Today in History
By The Associated Press
Today is Thursday, March 4, the 63rd day of 2021. There are 302 days left in the year.
Today’s Highlight in History:
On March 4, 1933, Franklin D. Roosevelt took office as America’s 32nd president.
On this date:
In 1789, the Constitution of the United States went into effect as the first Federal Congress met in New York. (The lawmakers then adjourned for lack of a quorum.)
In 1797, John Adams was inaugurated the second president of the United States.
In 1863, the Idaho Territory was created.
In 1865, President Abraham Lincoln was inaugurated for a second term of office; with the end of the Civil War in sight, Lincoln declared: “With malice toward none, with charity for all.”
In 1964, Teamsters president James Hoffa and three co-defendants were found guilty by a federal court in Chattanooga, Tennessee, of jury tampering.
In 1974, the first issue of People magazine, then called People Weekly, was published by Time-Life Inc.; on the cover was actor Mia Farrow.
In 1981, a jury in Salt Lake City convicted Joseph Paul Franklin, an avowed racist and serial killer, of violating the civil rights of two Black men, Ted Fields and David Martin, who’d been shot to death. (Franklin received two life sentences for this crime; he was executed in 2013 for the 1977 murder of a Jewish man, Gerald Gordon.)
In 1987, President Ronald Reagan addressed the nation on the Iran-Contra affair, acknowledging that his overtures to Iran had “deteriorated” into an arms-for-hostages deal.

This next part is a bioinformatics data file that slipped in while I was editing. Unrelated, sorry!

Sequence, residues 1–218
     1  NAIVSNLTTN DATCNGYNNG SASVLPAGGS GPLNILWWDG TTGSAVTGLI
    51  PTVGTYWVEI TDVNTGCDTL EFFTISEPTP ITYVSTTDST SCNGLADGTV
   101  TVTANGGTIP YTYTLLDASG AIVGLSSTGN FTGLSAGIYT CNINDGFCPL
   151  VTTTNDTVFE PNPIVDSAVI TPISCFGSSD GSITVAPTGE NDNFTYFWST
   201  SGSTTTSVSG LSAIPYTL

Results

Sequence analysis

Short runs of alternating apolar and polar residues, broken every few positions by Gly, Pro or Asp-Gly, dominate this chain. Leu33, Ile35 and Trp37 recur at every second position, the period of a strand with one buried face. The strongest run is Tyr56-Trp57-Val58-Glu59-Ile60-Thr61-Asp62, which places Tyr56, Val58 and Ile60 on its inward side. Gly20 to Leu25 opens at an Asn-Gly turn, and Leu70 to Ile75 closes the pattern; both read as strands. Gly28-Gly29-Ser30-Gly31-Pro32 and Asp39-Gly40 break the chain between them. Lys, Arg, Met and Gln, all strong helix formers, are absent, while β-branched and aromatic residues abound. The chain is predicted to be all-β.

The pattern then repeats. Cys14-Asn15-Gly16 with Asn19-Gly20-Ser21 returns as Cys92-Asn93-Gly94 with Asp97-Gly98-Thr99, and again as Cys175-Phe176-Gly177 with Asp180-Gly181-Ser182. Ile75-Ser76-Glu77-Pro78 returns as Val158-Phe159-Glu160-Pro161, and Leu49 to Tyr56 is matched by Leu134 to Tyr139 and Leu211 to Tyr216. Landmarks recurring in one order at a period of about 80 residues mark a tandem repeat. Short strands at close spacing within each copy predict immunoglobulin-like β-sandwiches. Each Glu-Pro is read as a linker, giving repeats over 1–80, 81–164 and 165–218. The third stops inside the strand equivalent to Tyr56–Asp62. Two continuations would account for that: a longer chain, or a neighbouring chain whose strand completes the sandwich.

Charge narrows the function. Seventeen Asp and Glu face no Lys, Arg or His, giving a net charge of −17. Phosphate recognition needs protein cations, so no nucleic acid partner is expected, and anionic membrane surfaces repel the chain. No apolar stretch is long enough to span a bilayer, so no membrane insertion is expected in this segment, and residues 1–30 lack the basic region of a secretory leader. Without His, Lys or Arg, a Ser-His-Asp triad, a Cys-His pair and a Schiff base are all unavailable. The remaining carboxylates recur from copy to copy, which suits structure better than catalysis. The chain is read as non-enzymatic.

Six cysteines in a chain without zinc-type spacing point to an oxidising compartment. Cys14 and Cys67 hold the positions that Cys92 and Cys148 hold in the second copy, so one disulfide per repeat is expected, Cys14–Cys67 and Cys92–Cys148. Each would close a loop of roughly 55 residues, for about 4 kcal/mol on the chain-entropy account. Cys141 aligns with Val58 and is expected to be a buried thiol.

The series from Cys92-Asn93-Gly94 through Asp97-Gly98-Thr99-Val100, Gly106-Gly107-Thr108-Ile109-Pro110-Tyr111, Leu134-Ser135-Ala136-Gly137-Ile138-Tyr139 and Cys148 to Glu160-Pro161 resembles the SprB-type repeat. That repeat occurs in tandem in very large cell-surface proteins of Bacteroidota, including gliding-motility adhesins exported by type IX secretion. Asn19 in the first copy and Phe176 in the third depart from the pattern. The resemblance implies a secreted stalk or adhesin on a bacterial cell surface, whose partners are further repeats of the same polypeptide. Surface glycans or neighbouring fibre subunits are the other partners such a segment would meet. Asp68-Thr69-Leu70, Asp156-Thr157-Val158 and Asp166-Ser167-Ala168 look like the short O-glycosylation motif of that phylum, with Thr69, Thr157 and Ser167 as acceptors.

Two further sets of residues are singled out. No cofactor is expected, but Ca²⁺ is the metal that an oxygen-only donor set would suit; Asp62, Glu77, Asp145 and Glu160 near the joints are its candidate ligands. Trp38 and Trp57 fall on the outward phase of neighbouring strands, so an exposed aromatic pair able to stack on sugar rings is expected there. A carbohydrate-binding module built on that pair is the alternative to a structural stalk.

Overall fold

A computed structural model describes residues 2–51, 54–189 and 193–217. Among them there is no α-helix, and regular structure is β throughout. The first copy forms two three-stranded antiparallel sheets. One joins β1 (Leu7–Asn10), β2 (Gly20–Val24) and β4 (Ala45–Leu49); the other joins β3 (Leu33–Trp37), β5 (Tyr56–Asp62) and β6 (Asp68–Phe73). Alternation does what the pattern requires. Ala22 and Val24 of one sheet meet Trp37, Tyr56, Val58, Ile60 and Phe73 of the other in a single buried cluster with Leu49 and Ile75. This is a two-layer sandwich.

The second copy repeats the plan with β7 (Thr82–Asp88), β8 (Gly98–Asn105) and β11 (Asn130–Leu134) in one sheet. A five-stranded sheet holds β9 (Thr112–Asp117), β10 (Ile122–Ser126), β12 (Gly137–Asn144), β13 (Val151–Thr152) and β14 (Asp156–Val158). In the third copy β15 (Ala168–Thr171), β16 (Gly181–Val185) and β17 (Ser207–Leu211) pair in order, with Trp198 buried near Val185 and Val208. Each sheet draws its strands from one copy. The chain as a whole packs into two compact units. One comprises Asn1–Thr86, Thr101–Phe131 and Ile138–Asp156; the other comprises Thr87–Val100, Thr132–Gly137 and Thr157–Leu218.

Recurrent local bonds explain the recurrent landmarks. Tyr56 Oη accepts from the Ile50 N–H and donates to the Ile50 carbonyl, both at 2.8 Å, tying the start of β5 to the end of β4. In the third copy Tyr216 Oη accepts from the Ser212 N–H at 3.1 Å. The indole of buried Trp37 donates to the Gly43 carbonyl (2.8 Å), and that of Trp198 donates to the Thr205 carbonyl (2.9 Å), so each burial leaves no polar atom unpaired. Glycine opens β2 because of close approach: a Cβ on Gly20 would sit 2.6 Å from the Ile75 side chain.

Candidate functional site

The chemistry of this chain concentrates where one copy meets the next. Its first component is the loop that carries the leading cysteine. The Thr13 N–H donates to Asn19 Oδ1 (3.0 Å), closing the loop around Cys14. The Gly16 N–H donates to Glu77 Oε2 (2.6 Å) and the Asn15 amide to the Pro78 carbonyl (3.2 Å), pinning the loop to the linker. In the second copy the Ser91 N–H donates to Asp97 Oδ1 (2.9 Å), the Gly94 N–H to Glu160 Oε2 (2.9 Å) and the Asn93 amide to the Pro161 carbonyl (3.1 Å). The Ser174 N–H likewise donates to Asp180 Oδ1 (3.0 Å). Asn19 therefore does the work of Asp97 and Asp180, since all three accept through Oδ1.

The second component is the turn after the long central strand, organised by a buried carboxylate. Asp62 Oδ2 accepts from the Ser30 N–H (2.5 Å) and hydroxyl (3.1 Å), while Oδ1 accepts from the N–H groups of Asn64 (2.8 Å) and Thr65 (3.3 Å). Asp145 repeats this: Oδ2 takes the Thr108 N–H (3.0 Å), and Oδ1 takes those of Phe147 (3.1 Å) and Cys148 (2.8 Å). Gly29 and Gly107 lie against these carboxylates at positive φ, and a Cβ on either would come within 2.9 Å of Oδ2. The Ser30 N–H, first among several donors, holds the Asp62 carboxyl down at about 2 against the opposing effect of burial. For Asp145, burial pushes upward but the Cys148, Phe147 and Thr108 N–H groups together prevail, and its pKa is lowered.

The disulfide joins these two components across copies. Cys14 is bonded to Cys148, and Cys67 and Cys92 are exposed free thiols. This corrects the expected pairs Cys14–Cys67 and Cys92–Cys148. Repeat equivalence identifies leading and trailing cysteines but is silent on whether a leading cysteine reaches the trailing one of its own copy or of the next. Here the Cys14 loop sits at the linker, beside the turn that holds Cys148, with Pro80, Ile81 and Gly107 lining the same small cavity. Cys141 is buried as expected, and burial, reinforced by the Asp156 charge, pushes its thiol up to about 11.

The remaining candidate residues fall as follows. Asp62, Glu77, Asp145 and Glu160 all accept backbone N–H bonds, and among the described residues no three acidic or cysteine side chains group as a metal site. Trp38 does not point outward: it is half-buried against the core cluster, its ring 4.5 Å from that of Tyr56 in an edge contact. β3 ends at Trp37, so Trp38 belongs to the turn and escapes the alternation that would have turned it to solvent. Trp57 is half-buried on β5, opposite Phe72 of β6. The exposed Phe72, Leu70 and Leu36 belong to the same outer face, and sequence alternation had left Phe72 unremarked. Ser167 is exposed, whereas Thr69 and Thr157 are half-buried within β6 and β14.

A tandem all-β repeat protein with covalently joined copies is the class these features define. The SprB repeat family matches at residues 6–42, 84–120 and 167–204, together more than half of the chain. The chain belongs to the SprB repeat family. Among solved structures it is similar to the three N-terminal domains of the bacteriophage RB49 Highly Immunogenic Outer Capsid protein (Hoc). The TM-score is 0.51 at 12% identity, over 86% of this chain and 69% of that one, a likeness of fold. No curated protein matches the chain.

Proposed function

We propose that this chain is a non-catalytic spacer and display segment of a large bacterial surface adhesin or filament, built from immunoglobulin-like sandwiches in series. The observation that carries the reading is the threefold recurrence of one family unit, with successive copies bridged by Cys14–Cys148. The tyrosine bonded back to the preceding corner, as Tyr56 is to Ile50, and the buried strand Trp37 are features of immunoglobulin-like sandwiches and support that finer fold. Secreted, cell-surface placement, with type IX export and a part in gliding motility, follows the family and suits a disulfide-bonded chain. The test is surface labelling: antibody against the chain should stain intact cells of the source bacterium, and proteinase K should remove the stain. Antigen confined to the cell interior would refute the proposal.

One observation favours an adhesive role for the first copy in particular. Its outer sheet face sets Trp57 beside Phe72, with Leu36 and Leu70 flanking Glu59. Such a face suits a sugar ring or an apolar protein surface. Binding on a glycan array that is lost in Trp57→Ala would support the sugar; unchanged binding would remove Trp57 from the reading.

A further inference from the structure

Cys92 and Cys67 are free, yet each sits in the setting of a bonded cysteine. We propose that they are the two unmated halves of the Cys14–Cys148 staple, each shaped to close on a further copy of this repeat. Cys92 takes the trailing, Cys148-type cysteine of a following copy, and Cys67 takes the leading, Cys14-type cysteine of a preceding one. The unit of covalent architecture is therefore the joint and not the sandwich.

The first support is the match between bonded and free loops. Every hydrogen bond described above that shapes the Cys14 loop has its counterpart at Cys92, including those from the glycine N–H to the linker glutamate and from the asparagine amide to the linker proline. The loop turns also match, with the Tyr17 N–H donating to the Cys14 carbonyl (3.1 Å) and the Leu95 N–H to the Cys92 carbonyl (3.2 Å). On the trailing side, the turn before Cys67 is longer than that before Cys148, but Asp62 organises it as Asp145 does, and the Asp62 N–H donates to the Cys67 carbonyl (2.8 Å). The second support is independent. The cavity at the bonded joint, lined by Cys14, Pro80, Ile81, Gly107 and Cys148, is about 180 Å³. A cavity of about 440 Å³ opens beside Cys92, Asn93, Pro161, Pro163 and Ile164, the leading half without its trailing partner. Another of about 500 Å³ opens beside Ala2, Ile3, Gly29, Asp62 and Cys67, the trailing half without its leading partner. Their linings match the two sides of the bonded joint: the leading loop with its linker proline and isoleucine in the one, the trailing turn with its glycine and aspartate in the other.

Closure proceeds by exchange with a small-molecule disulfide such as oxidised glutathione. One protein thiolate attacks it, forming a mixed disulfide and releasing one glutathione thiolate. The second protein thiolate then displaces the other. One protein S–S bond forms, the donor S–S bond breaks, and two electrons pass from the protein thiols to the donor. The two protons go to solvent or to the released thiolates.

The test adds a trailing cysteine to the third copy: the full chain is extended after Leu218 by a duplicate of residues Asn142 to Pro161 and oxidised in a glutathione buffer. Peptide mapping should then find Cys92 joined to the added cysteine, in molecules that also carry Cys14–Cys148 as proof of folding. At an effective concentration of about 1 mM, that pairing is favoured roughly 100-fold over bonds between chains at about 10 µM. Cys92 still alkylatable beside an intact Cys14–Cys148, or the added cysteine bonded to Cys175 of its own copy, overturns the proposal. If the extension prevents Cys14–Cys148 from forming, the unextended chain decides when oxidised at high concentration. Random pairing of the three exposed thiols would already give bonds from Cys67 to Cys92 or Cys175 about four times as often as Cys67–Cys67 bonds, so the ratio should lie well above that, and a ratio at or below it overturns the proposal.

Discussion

In 1994, in New York, four extremists were convicted of the 1993 World Trade Center bombing that killed six people and injured more than a thousand. Actor-comedian John Candy died in Durango, Mexico, at age 43.
In 1998, the U.S. Supreme Court ruled that sexual harassment at work can be illegal even when the offender and victim are of the same gender.
In 2015, the Justice Department cleared Darren Wilson, a white former Ferguson, Missouri, police officer, in the fatal shooting of Michael Brown, a Black 18-year-old, but also issued a scathing report calling for sweeping changes in city law enforcement practices.
In 2018, former Russian spy Sergei Skripal and his daughter were found unconscious on a bench in the southwestern English city of Salisbury; both survived what British authorities said was a murder attempt using a nerve agent.
Ten years ago: NASA launched its Glory satellite from Vandenberg Air Force Base in California on what was supposed to have been a three-year mission to analyze how airborne particles affect Earth’s climate; however, the rocket carrying Glory plummeted into the southern Pacific several minutes after liftoff.
One year ago: The House easily passed an $8.3 billion measure aimed at speeding the development of coronavirus vaccines, paying for containment operations and beefing up preparedness. Federal health officials investigated a suburban Seattle nursing home at the center of a coronavirus outbreak. Italy closed all schools and universities and barred fans from sporting events. The Dow Jones Industrial Average soared more than 1,100 points as governments and central banks around the globe took more aggressive measures to deal with the virus and its effects on the economy.